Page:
When I ‘get through’ a thriller, with minimal sensory ‘damage’ it is a small achievement.  Tonight though, I was too late to see a comedy, and settled for another film on my list of desired fillums[sic] to watch, the 7.10pm session of Berlin Syndrome.  So, really no different from the 9.30pm assault upon the visceral senses after all.

Director Cate Shortland’s Berlin Syndrome is an engaging, though at times slow-moving erotic thriller about a young photojournalist who has packed up her life in Brisvegas, Australia, for a creative endeavour in Berlin, but meets hell instead.  At first, Teresa Palmer’s Clare is your prototypical hiding-her-light-under-a-bushel solo backpacker, enjoying a fun fling.  She discovers too late that behind cute local Andi’s  (played by Max Riemelt) friendly mask, lies a wolf in waiting.  But within herself, Clare finds her own animal instincts in an increasingly excruciating, in more ways than one, fight for survival.

See the preview here: 

c. Kylie J. Lawrence 2017

 

Table 19

I don’t know if it is an ephemeral hang-over from last night’s Samhain*, but tonight, sitting alone in Cinema 9 at Dendy Newtown, I could feel presences, at first in the row behind me, to the left, then later, further along the right of that row.  Ghosts of patrons past?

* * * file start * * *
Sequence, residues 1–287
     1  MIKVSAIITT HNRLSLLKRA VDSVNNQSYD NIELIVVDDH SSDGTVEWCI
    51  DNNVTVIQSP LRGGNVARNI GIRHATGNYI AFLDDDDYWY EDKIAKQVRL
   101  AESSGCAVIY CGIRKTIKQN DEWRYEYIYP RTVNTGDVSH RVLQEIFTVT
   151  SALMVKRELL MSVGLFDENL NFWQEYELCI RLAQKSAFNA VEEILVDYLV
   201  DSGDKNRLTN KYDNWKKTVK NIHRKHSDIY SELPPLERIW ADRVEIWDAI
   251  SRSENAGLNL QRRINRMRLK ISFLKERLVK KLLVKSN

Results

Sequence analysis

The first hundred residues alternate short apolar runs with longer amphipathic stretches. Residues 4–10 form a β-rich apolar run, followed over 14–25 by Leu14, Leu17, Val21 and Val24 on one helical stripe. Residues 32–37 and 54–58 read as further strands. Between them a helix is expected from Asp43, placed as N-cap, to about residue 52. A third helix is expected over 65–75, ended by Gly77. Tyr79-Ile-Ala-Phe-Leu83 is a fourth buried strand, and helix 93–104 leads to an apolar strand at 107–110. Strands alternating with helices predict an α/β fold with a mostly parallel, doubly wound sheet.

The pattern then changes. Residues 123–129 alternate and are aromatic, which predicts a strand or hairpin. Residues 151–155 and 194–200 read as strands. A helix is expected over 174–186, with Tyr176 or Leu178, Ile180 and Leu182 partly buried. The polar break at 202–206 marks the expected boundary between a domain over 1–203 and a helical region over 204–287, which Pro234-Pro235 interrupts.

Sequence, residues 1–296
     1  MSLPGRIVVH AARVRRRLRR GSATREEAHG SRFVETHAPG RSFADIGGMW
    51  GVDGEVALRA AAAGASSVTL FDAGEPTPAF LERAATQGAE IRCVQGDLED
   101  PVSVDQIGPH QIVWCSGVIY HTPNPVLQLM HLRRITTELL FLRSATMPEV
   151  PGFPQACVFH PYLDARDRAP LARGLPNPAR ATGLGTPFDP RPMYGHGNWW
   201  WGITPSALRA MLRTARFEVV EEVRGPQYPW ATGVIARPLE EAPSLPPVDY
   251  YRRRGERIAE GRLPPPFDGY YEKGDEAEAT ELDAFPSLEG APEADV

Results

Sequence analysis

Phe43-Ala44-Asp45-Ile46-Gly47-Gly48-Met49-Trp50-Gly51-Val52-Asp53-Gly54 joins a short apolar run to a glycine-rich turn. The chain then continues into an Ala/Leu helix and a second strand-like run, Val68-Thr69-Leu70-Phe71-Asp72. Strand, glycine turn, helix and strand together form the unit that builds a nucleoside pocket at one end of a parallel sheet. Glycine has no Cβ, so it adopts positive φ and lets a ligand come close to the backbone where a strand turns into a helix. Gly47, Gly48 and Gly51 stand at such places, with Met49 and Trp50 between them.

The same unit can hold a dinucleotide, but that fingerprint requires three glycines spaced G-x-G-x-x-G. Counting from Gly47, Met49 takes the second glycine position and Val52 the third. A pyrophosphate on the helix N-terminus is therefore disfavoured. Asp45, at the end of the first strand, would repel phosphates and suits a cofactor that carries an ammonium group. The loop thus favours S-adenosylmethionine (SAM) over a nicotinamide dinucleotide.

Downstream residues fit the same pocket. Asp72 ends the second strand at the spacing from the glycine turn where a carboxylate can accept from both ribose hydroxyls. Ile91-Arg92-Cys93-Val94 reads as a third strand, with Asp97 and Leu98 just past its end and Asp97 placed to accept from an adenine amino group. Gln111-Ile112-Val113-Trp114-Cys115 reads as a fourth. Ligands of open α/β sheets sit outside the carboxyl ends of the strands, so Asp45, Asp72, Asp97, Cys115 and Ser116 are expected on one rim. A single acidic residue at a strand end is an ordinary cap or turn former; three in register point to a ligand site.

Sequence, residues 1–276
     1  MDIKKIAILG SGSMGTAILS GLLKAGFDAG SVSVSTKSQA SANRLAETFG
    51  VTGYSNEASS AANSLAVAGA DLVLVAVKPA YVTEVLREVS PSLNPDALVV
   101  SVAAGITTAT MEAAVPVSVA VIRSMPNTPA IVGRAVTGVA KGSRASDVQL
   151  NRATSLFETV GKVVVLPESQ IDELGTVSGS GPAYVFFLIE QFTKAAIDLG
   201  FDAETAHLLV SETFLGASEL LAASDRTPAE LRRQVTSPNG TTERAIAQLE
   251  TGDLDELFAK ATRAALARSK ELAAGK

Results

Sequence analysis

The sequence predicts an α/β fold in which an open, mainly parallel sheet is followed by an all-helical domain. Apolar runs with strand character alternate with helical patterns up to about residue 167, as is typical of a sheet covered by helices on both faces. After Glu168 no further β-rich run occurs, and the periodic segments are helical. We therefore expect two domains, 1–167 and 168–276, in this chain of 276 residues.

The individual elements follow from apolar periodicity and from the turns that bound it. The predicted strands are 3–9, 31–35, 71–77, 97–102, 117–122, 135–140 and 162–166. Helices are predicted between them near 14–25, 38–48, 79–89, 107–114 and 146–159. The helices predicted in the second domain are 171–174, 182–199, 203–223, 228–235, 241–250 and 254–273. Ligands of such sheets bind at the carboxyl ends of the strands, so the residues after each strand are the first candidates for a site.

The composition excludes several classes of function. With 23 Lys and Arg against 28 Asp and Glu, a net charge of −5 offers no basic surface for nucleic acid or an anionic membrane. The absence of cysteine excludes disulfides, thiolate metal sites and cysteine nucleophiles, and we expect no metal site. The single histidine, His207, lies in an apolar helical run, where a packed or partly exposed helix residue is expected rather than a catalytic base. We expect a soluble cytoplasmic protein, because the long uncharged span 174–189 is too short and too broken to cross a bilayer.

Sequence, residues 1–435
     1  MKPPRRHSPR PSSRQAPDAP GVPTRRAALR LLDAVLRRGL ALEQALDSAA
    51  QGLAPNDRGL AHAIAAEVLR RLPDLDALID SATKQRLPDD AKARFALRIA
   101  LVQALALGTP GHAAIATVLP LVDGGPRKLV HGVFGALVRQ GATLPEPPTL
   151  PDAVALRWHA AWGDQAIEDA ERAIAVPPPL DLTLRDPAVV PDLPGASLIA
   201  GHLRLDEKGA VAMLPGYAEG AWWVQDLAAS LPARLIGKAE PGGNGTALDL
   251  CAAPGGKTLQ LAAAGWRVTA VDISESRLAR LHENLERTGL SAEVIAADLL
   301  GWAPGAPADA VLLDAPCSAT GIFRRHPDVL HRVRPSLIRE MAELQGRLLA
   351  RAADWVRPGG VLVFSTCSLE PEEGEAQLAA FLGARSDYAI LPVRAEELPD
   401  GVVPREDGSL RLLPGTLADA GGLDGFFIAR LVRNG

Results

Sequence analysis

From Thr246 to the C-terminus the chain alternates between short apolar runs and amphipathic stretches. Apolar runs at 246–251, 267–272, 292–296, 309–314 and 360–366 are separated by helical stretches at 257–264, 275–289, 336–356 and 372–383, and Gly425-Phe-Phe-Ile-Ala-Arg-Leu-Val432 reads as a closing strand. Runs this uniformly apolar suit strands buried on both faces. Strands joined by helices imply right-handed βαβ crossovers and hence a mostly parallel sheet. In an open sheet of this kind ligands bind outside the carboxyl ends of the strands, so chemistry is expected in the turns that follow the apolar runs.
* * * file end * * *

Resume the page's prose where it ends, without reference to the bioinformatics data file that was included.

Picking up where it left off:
And for the second time tonight I sat in seat C5, though different cinema screening rooms.  Oooooh!

Speaking of veils between worlds, the second film I saw tonight, Table 19, was a bitter-sweet comedy about a table of wedding misfits, lead by sacked and dumped Maid of Honour, Eloise, (Anna Kendrick) at first lost in in wedding reception hell – having to spend an evening with strangers.  Although at times laugh-out-loud funny,  it was no Death At A Funeral (2007), and, like some weddings, tonally, it slipped between maudlin and comical.  It evoked Safety Not Guaranteed (2012), later it was no surprise to find out that Mark Duplasse was one of the co-writers.  I did find my heart beating and a romantic smile enveloping me, in a dance promising much, but delivering a plot twist servicing a morally conventional true love pas de deux.

See the preview here: 

c. Kylie J. Lawrence 2017

*I drafted this in May, so that’s Samhain Down Under.

 

Colossal

Pisshead Gloria’s life in New York is a mess.  An unemployed writer, Gloria’s mainstays in life are partying, sleeping all day, and borrowing money from Nice Boyfriend Tim (Dan Stevens). The do hits the fan when N.B.T. dumps her, kicks her out of his flat, and Gloria moves back to Mainhead, her childhood home town, where she is forced to face her demons, one of whom is not the drink.

Convinced that her emotional state is controlling literally monstrous events in far off South Korea, anti-hero Gloria’s unwilling journey to save herself becomes a mission to save the world before the world becomes complacent.  At times brutal, this comedy is more monster film than action film.  It evokes the quirky storytelling of writer Derek Connolly’s 2012 romantic comedy, Safety Not Guaranteed, and director Dan Trachtenburg’s 2016 seat-clencher 10 Cloverfield Lane.  A decent performance from Anne Hathaway as Gloria, who buries herself in a world of men, but is more King Kong than fey Fay Wray.  An increasingly plotty storyline resolves itself in a very clear-cut way, and over all, a satisfying film to watch.

Watch the Colossal preview here:

c. Kylie Lawrence 2017